Free Video on Demand service via the web (Web-VOD) may take a huge popularity hit should Comcast Corp. move forward in a possible merger of assets that includes NBC-Universal’s Bravo, SyFy (formerly SciFi) and Hulu.com properties.
Hulu.com, the streaming video website devoted to film and TV clips, is a joint venture initially developed by NBC and News Corp via Providence Equity Partners (a major stake holder). It was designed to be a direct shot across YouTube’s bow in the media piracy wars by presenting full episodes of recently aired and older content owned by NBC-Universal, News Corp (Fox/FX), and Disney-ABC.
With most cable companies viewing Hulu as a bottom-feeder for viewership eyeballs by offering free programing that the cable entities actually pay for, Comcast could be doing the other cable giants a favor by either quashing NBC’s content on Hulu (clips and full episodes of recently aired Saturday Night Live and The Office programming accounts for some of the most popular content on Hulu.com) or undermining the freebie venture altogether by transforming the site into a pay-per-use or subscription model (and knowing the cable companies love for an all-you-can-eat subscription model rather than an à la carte service, you can get an idea of which way they might lean).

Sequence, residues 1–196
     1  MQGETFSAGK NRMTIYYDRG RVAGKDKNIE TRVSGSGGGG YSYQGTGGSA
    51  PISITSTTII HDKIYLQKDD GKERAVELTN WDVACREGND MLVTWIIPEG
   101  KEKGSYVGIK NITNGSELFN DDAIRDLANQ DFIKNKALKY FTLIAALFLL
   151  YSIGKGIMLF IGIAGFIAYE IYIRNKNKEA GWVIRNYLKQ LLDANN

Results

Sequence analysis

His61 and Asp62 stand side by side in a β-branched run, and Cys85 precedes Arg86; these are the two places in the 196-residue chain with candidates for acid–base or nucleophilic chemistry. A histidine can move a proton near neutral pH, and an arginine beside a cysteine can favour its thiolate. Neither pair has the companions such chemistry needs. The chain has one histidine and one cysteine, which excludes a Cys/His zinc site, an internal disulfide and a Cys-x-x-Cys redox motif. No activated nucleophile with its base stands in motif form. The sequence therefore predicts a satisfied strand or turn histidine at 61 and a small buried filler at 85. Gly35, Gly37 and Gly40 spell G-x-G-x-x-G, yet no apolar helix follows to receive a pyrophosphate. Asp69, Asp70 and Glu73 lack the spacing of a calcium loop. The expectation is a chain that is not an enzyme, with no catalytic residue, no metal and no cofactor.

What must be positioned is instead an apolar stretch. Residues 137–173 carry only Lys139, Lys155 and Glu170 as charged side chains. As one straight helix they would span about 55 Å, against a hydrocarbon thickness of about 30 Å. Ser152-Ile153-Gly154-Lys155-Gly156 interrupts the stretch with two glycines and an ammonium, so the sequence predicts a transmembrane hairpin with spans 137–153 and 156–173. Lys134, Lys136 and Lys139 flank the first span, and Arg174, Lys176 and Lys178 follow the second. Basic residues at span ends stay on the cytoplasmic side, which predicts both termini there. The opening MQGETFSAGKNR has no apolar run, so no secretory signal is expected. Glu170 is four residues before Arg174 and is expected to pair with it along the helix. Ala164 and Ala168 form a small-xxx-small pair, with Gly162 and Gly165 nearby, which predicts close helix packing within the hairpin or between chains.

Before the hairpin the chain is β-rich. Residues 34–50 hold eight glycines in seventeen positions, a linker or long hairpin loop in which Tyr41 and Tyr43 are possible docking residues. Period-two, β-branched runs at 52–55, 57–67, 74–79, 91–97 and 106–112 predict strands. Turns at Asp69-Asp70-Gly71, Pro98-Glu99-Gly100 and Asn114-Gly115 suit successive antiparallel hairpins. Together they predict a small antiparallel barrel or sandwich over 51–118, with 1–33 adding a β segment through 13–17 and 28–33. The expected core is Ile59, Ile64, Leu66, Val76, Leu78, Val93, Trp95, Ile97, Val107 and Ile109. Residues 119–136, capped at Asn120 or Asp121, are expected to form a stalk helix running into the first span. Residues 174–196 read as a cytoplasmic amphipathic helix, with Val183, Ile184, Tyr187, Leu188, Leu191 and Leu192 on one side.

Obviously, this depends on how much the other Hulu partners would fight back against Comcast should both the merger and Comcast’s interest in such a business model move forward, but a cable giant owning a major content provider doesn’t bode well for the nascent Web-VOD movement. The Los Angeles Times and other news outlets have plenty of speculation on what might happen… the L.A. Times article can be found here.